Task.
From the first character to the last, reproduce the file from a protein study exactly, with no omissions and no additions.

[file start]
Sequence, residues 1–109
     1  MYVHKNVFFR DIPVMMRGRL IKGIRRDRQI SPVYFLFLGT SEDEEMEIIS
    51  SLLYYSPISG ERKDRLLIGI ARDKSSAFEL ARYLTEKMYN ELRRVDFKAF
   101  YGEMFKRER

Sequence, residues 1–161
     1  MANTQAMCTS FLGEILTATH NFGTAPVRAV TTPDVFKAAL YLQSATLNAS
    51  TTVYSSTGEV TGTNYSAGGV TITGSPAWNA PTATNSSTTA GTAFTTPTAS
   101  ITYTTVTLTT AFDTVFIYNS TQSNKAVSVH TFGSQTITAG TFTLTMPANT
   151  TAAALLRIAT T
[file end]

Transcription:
Sequence, residues 1–109
     1  MYVHKNVFFR DIPVMMRGRL IKGIRRDRQI SPVYFLFLGT SEDEEMEIIS
    51  SLLYYSPISG ERKDRLLIGI ARDKSSAFEL ARYLTEKMYN ELRRVDFKAF
   101  YGEMFKRER

Sequence, residues 1–161
     1  MANTQAMCTS FLGEILTATH NFGTAPVRAV TTPDVFKAAL YLQSATLNAS
    51  TTVYSSTGEV TGTNYSAGGV TITGSPAWNA PTATNSSTTA GTAFTTPTAS
   101  ITYTTVTLTT AFDTVFIYNS TQSNKAVSVH TFGSQTITAG TFTLTMPANT
   151  TAAALLRIAT T